Lyn Alden

The Thrift Savings Plan was fortunately an early adopter of low-cost index investing.

This means that federal investors who stick to a balanced equity-focused hands-off strategy have generally outperformed most actively-managed equity funds over the long term, and did so at a much lower expense ratio.


According to the S&P SPIVA Scorecard, 92-95% of money managers fail to beat their respective indices over a 15-year period. TSP investors can easily match the performance of the indices instead and outperform the majority of actively-managed funds.

But, many TSP investors deviate from what is often viewed as a “standard” stock/bond portfolio, and this often ends up costing them a lot of money.

For example, many investors put most of their money in the G Fund, which over the past ten years has only grown at a 2.63% annual growth rate according to the G Fund factsheet.

Considering that inflation during this period averaged about 2% per year, the real rate of return was negligible. While it’s the lowest risk fund, and certainly a worthwhile place to have some money as you close in on retirement, the hidden risk is that many years of focusing heavily on the G Fund can leave you with too little money in retirement.

Another common error is improper market timing. Some investors were heavily invested in equities, but then in 2008/2009 when the market crashed, they pulled money out and put it into the G Fund. U.S. stocks then went on to triple in value over the next 8 years, and many investors missed out on that recovery.

Columnist Mark Hulbert from Marketwatch recently shared an interesting statistic:
“Currently, according to Ned Davis Research, stocks represent 40% of total household financial assets, much higher than the 28.2% average allocation since 1951. There’s been only one other occasion since 1951 in which stock allocation was higher than it is today — at the top of the late 1990s internet bubble, when it rose to 47.5%.

Every other major stock market top of the last seven decades, in contrast, occurred when households’ equity allocation was lower than today’s level. At the 2007 stock market top, for example, the allocation peaked at 37.1%.”

In other words, now that we’ve had a very long bull market with outstanding returns, investors are piling heavily in equities. A lot of those investors will probably pull money out the next time we have a market correction, which is what leads to results like this:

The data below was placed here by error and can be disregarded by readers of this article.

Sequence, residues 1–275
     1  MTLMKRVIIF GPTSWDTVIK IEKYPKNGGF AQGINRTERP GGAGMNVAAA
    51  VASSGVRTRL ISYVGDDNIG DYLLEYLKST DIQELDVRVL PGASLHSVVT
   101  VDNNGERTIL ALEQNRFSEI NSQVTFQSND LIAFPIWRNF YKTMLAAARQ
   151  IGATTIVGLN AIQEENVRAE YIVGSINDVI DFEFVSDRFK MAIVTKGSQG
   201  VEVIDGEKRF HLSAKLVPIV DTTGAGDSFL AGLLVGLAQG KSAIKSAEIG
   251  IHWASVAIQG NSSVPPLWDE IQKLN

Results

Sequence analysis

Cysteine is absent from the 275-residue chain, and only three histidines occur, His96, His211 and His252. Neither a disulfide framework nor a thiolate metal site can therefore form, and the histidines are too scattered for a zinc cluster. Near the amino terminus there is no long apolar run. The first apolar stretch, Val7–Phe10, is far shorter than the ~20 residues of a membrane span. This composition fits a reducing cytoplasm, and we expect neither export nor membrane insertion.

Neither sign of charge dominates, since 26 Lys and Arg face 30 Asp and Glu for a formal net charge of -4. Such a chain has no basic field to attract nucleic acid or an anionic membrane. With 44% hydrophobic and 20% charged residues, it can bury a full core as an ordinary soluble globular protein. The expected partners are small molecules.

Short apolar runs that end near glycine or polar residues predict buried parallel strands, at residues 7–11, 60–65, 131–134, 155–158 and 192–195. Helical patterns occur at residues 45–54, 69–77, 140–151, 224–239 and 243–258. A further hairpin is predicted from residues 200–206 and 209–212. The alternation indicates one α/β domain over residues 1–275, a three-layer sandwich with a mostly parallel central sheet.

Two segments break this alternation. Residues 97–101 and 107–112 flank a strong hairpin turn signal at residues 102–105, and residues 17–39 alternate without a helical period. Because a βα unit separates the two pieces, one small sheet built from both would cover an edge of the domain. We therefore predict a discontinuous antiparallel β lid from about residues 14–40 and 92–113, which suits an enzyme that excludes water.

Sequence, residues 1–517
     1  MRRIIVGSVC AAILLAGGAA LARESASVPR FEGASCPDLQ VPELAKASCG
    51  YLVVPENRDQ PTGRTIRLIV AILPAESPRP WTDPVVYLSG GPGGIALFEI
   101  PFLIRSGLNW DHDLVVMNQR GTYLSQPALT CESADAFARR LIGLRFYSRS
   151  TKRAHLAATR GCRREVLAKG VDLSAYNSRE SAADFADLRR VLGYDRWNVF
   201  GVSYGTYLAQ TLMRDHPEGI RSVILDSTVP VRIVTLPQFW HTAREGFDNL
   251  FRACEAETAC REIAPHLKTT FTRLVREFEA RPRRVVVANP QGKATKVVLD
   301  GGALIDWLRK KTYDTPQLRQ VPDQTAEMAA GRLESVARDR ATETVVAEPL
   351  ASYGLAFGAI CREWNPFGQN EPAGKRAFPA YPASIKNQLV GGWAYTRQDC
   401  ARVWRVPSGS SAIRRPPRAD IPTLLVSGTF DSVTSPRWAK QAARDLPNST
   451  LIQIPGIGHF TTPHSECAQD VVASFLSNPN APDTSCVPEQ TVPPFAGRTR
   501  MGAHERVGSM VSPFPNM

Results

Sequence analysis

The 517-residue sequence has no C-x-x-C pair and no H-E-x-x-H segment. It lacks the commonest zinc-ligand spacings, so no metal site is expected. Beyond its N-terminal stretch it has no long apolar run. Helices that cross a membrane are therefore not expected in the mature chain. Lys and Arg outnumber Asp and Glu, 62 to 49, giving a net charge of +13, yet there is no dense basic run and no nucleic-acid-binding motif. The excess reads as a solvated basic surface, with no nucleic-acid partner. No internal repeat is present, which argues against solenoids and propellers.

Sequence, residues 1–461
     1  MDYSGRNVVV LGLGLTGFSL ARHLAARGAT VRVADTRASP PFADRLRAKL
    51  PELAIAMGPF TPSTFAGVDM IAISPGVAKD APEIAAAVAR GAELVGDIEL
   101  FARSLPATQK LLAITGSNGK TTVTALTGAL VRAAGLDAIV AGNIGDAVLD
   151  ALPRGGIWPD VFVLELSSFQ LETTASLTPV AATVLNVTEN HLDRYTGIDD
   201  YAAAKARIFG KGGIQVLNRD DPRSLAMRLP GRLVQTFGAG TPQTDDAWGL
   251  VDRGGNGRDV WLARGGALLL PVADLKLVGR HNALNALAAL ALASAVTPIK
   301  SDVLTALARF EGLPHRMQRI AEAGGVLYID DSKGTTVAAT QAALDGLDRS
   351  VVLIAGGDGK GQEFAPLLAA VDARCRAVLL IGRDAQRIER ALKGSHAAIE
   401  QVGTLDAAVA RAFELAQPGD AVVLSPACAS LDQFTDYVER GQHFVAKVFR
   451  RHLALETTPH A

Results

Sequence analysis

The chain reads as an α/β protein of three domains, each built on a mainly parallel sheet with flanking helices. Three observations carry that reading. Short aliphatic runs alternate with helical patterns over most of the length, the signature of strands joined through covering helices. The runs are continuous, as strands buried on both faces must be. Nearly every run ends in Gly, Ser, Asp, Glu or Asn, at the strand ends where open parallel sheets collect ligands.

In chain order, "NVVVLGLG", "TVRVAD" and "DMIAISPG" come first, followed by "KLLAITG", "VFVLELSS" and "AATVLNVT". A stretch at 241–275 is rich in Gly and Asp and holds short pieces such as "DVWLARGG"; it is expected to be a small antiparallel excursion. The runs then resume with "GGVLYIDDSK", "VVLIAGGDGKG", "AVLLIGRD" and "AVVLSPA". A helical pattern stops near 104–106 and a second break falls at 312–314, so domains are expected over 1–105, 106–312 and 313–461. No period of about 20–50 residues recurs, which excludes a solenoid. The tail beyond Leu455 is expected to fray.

fedweek.com | Thrift Savings Plan buy and hold

Source: JP Morgan Guide to the Markets, 3Q 2017

Studies show the average investor significantly underperforms equity and bond indices. Mostly this seems to be because they’re going into stock and bond indices at all the wrong times, which would be alleviated by a simple buy-and-hold diversified strategy. This is not surprising given that professional investors also underperform statistically as a group, so non-professional individuals tend to do even worse.

A final mistake I’ll mention is when people wait too long for a market correction. Many investors know that the market is very historically overvalued right now. But if you keep all your money out of stocks always looking for that one big crash, you’ll miss out on multiple 10-20% year gains just to avoid getting hit with that once-a-decade 30-40% market crash.

For example, I’ve been concerned about high market valuations for the past few years, but instead of pulling money out of stocks, I’ve maintained a steady, balanced portfolio, and have only made mild adjustments. The result is that I’ve continued to participate in the ongoing bull market, while being prepared for a bear market. Whenever we encounter a correction, I’ll be re-balancing accordingly, which means buying more equities.

There are two approaches that historically perform quite well:

Strategic Asset Allocation: This is where you buy and hold a set ratio of stock and bond funds, and occasionally re-balance back towards those predetermined ratios. The TSP Lifecycle funds are a good example of this, and they do the re-balancing for you. Over the last several decades, strategic asset allocation approaches with 60% or more exposure to stocks have performed almost as well as a pure stock portfolio, but with significantly less volatility, which makes it easier for investors to stick with.

Tactical Asset Allocation: This is a more active approach where you adjust your bond and stock exposure a bit based on market conditions. The key here is slow and steady. You don’t try to go all-in or all-out of stocks based on valuations. But you might gradually dial up your equity exposure when stocks are cheap, and might gradually dial-back your equity exposure when stocks are expensive. If international stocks are cheap, you might gradually dial up your exposure to them. Basically, it’s like over-balancing rather than re-balancing; occasionally shifting a bit more money into historically cheap things but without making big sweeping changes all at once or going too far in any direction.

Either way, history shows us that the emphasis should be on having a long-term view.

Lyn Alden is a financial writer and an engineer, and holds a bachelor’s in engineering and a master’s in engineering management, with a focus on financial modeling and resource management. She specializes in analyzing and presenting financial data. Her investment work can be found on LynAlden.com.